Astute property investors generally look to compound wealth over time, recognising that over-ambition can often lead to excessive risk, not to mention lower returns.
But there are a number of people that are in a rush to multiply their investments, and most of those people tend to be men, according to ludlowthompson.
The sales and letting agency says that females are more likely to focus on long-term investing frames investments, such as property, recognising that makes wealth compounding much more likely, which partly explains why ownership of buy-to-let property is much more evenly split between women and men than amongst other forms of investment.
According to the London-based firm, women make up 46%, or 1.1 million, of the total 2.4 million UK buy-to-let property investors that can be identified from an analysis of government data.
Women generate 43% (£13.8bn) of the total £32.3bn in rental income generated by the UK’s buy-to-let property investors.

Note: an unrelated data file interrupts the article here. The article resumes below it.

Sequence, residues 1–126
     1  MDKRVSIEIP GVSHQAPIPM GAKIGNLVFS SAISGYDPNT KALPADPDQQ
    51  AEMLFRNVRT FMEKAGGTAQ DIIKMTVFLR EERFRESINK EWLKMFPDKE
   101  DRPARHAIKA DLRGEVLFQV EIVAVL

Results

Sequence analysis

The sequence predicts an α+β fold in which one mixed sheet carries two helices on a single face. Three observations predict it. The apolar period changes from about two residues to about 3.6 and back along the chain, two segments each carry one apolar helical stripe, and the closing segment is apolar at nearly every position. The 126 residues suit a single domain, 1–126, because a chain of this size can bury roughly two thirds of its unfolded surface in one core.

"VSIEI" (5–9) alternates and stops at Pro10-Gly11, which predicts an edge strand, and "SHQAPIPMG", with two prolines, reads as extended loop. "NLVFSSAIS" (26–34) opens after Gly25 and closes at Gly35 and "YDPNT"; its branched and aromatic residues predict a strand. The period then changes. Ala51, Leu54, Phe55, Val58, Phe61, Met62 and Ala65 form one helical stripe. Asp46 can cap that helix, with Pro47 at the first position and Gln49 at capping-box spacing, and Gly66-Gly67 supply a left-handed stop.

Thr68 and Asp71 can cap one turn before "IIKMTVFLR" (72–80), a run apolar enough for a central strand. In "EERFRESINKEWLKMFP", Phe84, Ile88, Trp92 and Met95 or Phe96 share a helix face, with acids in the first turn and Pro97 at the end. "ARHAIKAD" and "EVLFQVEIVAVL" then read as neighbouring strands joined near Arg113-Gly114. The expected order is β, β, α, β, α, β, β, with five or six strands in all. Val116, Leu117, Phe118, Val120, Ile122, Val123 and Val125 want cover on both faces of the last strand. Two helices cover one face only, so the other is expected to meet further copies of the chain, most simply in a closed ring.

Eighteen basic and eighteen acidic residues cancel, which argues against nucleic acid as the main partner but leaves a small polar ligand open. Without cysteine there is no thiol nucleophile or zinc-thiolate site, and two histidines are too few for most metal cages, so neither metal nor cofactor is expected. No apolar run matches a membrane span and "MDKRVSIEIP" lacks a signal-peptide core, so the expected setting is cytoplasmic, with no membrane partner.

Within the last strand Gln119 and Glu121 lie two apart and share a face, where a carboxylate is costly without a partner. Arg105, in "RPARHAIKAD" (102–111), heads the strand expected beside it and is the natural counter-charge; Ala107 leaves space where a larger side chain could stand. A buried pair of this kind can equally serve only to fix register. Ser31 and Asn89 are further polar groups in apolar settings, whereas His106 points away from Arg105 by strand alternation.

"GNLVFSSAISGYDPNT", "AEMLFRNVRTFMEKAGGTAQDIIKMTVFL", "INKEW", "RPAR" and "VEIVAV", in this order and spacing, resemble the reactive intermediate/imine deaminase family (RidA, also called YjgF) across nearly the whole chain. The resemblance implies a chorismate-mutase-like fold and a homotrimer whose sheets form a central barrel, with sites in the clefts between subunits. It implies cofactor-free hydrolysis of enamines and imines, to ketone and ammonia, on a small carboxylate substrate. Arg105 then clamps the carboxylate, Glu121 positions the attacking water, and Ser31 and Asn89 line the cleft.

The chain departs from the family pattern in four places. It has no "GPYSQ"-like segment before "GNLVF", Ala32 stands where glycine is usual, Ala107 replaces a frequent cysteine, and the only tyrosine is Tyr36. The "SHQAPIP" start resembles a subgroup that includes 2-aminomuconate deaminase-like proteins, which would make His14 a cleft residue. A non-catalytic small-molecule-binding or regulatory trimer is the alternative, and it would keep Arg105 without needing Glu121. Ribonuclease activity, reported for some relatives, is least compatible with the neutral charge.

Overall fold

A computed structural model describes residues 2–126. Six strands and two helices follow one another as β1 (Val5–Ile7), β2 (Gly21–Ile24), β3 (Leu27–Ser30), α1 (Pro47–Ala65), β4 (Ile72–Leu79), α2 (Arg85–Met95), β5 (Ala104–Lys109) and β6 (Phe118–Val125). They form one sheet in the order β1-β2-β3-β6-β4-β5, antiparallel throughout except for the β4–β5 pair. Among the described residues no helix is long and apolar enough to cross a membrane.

In other types of savings such as pensions, the gap in ownership between genders is substantially higher.
Women receive 37% (£46.5bn) of income from pensions whilst men receive £79.3bn of income from pensions.
ludlowthompson says that one reason why women might have been very active investors in buy-to-let is that residential property is a relatively stable asset and not prone to the more dramatic swings in values of shares.
Research into the different investment strategies favoured by men and women tend to suggest that women have less of an appetite for speculative investments than men.
Stephen Ludlow, chairman of ludlowthompson, said: “Whilst a lot of men get entranced by get-rich-quick investments like CFDs and cryptocurrencies – women are said to much more grounded and prefer lower risk investments like real estate.
“When we started our business 25 years ago we noticed that it was an investment that seemed to be favoured by women over men.
“That’s been great news for those early pioneers as residential property investment has easily beaten other outperformed other asset classes like shares, bonds and cash.
“Women who have built up substantial buy-to-let portfolios deserve a bit of recognition as they have done this in the face of constant criticism that buy-to-let property is risky. The reality is that assets like shares have proved to be far riskier.”